Time filter

Source Type

Sakane N.,National Hospital Organization Kyoto Medical Center | Sato J.,Nagoya University | Tsushita K.,Comprehensive Health Science Center | Tsujii S.,Tenri Yorozu sodansho Hospital | And 12 more authors.
BMC Public Health | Year: 2011

Background: A randomized control trial was performed to test whether a lifestyle intervention program, carried out in a primary healthcare setting using existing resources, can reduce the incidence of type 2 diabetes in Japanese with impaired glucose tolerance (IGT). The results of 3 years' intervention are summarized. Methods. Through health checkups in communities and workplaces, 304 middle-aged IGT subjects with a mean body mass index (BMI) of 24.5 kg/m2 were recruited and randomized to the intervention group or control group. The lifestyle intervention was carried out for 3 years by public health nurses using the curriculum and educational materials provided by the study group. Results: After 1 year, the intervention had significantly improved body weight (-1.5 ± 0.7 vs. -0.7 ± 2.5 kg in the control; p = 0.023) and daily non-exercise leisure time energy expenditure (25 ± 113 vs. -3 ± 98 kcal; p = 0.045). Insulin sensitivity assessed by the Matsuda index was improved by the intervention during the 3 years. The 3-year cumulative incidence tended to be lower in the intervention group (14.8% vs.8.2%, log-rank test: p = 0.097). In a sub-analysis for the subjects with a BMI > 22.5 kg/m2, a significant reduction in the cumulative incidence was found (p = 0.027). Conclusions: The present lifestyle intervention program using existing healthcare resources is beneficial in preventing diabetes in Japanese with IGT. This has important implications for primary healthcare-based diabetes prevention. Trial registration number. UMIN000003136. © 2011 Sakane et al; licensee BioMed Central Ltd.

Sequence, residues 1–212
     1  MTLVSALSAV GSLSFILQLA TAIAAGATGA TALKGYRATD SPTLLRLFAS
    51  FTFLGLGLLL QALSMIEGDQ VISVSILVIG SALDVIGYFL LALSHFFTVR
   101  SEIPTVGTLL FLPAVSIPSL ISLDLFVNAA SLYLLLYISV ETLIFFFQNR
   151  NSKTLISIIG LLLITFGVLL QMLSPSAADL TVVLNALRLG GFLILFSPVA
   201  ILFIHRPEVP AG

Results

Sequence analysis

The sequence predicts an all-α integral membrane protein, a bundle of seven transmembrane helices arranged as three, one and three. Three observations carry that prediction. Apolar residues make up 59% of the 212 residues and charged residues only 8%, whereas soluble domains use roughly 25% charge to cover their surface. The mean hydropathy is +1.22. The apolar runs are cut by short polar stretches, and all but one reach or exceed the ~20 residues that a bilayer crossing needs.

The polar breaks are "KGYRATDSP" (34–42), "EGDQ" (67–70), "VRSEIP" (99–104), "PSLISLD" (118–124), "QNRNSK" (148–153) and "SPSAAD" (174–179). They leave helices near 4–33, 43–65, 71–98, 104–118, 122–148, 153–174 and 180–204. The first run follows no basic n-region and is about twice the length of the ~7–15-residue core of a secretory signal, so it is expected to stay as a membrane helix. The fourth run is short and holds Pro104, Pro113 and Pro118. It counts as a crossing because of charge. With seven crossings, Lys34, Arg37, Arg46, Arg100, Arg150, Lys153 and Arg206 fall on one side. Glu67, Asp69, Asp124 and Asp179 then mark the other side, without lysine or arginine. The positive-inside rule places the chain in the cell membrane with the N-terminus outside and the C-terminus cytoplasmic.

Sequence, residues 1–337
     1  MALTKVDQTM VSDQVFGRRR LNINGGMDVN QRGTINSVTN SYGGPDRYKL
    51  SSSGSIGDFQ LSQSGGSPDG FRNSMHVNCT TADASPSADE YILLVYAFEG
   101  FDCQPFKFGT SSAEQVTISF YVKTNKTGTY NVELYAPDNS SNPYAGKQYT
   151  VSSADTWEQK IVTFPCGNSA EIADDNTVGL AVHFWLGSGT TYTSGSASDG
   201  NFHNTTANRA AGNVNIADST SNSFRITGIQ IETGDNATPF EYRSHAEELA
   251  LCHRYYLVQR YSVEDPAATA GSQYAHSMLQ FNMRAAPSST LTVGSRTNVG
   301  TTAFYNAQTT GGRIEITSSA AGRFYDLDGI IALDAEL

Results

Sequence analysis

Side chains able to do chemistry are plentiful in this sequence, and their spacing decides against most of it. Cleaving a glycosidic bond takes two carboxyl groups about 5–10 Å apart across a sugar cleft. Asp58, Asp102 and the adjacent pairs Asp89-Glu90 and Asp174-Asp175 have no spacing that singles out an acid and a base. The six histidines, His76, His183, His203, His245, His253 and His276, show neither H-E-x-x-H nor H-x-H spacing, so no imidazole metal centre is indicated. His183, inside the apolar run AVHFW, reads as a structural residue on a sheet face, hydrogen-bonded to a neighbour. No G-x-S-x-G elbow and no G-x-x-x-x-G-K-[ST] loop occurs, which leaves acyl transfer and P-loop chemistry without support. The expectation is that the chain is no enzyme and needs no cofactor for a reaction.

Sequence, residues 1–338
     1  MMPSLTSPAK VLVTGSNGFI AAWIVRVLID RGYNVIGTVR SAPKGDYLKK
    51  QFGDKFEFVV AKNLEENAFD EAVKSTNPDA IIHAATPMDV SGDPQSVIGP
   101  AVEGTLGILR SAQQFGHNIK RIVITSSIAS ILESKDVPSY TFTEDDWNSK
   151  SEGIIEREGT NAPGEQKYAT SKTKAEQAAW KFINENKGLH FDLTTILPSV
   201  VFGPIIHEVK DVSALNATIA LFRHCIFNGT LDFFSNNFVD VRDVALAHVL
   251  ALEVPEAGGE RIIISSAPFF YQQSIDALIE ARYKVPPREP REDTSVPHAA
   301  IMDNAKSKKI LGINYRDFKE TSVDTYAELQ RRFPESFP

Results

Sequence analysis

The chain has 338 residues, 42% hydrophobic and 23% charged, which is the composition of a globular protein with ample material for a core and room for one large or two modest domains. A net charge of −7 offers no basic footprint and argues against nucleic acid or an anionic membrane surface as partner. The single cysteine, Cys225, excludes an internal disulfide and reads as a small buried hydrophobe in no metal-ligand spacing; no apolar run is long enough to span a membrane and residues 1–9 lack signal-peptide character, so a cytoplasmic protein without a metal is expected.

Sakane N.,National Hospital Organization Kyoto Medical Center | Sato J.,Nagoya University | Tsushita K.,Comprehensive Health Science Center | Tsujii S.,Tenri Yorozu sodansho Hospital | And 15 more authors.
Journal of Diabetes Investigation | Year: 2016

The beta-3 adrenergic receptor (ADRB3), primarily expressed in adipose tissue, is involved in the regulation of energy metabolism. The present study hypothesized that ADRB3 (Trp64Arg, rs4994) polymorphisms modulate the effects of lifestyle intervention on weight and metabolic parameters in patients with impaired glucose tolerance. Data were analyzed from 112 patients with impaired glucose tolerance in the Japan Diabetes Prevention Program, a lifestyle intervention trial, randomized to either an intensive lifestyle intervention group or usual care group. Changes in weight and metabolic parameters were measured after the 6-month intervention. The ADRB3 polymorphisms were determined using the polymerase chain reaction restriction fragment length polymorphism method. Non-carriers showed a greater weight reduction compared with the carriers in both the lifestyle intervention group and usual care group, and a greater increase of high-density lipoprotein cholesterol levels than the carriers only in the lifestyle intervention group. ADRB3 polymorphisms could influence the effects of lifestyle interventions on weight and lipid parameters in impaired glucose tolerance patients. © 2016 Asian Association for the Study of Diabetes and John Wiley & Sons Australia, Ltd.

Loading Tenri Yorozu sodansho Hospital collaborators
Loading Tenri Yorozu sodansho Hospital collaborators